Google has an Authenticator App that works with several services for retrieving authentication keys. Two-factor authentication is available for many services including Google, Dropbox, Evernote, PayPal, and to a limited extent your AppleID. If you want to learn more about how two-factor authentication works, Google has created a video walking through the process. There’s also a ScreenCastsOnline episode SCOM0417 all about two factor authentication, walking you through setting up many of the popular services
4) Change Passwords For Any Compromised Sites.
It seems every day we’re hearing of a site that has been exploited. Mashable is keeping a hit-list of notable sites and whether they were impacted by the Heartbleed vulnerability. It should be noted this is by no means a comprehensive list, but it lists the more popular sites. If you use a site that is on this list, was known to be vulnerable, and has patched the vulnerability, time to change your passwords. Note that in the case of Google, if you use two-factor authentication you’ll also need to revoke and re-issue any application specific passwords. If you use Dropbox or a similar service, you’ll want to unlink your devices and log back in again with your new credentials. In response to vulnerabilities like Heartbleed, 1Password has introduced a new feature called “Watchtower” that is built into the application. Watchtower is a regularly updated database of compromised sites. It compares this list with your passwords and then check the date your passwords were last changed (whether before or after the venerability) to let you know whether your password needs to be updated.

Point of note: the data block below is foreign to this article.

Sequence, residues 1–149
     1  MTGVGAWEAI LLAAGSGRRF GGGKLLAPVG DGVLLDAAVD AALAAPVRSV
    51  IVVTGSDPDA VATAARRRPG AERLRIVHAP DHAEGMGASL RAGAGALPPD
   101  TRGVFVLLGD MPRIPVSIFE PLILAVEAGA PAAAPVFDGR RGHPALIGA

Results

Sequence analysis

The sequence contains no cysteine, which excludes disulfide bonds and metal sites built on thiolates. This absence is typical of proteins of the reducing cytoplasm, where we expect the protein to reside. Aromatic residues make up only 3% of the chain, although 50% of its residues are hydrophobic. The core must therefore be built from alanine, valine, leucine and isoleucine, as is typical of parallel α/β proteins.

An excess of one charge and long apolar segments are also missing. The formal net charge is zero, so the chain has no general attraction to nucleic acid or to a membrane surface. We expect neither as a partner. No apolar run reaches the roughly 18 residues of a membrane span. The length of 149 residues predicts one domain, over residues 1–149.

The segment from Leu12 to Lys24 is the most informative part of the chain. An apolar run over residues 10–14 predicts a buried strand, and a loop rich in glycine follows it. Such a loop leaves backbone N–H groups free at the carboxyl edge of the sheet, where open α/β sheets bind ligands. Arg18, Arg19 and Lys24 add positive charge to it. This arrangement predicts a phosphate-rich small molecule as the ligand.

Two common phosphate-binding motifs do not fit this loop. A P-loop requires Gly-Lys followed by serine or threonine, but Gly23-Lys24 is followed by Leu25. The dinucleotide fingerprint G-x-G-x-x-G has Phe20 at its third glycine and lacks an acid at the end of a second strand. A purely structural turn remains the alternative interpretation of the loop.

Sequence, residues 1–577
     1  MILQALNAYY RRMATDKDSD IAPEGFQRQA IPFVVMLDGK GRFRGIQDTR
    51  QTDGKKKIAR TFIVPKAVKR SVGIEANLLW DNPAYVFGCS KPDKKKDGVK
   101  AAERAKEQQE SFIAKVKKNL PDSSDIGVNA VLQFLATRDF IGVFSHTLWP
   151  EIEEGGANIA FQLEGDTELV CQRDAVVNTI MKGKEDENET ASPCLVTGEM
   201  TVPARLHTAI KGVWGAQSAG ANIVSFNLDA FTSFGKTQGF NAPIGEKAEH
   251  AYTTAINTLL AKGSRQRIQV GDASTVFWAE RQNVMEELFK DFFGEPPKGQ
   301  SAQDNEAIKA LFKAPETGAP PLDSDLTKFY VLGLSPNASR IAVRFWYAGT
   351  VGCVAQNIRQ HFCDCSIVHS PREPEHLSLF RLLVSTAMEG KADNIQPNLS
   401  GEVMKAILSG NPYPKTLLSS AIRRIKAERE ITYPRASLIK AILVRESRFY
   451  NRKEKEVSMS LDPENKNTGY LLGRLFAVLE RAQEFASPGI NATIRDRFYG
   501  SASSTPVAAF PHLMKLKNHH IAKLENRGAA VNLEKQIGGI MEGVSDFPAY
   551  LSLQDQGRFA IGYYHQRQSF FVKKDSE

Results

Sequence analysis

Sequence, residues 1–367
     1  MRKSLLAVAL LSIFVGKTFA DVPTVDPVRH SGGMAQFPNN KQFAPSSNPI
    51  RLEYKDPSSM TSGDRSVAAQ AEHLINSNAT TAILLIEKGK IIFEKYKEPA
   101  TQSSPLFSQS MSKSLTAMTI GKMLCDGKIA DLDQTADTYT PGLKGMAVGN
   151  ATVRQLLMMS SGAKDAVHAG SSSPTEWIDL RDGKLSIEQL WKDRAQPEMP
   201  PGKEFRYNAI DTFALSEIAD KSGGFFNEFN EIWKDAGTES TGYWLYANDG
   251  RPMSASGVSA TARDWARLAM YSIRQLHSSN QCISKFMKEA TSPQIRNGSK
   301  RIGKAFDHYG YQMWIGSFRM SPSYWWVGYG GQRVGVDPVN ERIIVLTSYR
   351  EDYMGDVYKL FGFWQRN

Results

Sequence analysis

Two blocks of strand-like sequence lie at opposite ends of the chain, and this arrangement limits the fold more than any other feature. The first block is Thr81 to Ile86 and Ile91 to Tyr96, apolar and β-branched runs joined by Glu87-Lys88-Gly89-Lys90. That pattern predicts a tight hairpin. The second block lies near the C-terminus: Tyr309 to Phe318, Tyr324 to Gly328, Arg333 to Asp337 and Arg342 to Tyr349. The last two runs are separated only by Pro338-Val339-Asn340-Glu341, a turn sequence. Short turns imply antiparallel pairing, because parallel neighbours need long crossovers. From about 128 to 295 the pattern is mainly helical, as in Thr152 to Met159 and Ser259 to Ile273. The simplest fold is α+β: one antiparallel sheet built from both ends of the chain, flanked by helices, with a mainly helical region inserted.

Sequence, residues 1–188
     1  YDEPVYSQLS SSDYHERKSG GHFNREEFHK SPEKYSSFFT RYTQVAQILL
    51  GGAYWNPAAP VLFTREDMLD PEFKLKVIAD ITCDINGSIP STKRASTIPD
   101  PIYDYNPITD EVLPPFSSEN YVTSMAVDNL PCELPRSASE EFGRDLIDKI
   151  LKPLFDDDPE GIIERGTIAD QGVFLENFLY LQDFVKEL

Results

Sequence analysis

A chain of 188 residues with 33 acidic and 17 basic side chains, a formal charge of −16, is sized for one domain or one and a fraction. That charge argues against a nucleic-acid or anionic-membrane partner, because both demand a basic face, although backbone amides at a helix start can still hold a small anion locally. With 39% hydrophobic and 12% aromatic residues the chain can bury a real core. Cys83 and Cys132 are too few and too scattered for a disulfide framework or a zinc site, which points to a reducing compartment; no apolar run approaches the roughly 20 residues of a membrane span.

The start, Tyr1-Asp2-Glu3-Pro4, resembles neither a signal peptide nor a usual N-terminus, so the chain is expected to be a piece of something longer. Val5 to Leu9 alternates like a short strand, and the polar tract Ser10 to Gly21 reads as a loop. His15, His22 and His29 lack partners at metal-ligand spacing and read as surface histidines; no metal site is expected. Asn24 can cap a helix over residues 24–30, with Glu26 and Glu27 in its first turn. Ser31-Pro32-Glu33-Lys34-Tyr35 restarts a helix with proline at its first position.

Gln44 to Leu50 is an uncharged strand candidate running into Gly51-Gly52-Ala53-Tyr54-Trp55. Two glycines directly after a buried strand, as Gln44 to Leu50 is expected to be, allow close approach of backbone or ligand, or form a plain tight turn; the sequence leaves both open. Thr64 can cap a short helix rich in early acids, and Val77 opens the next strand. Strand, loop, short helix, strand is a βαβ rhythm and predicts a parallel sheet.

5) Start Changing The Rest of Your Passwords.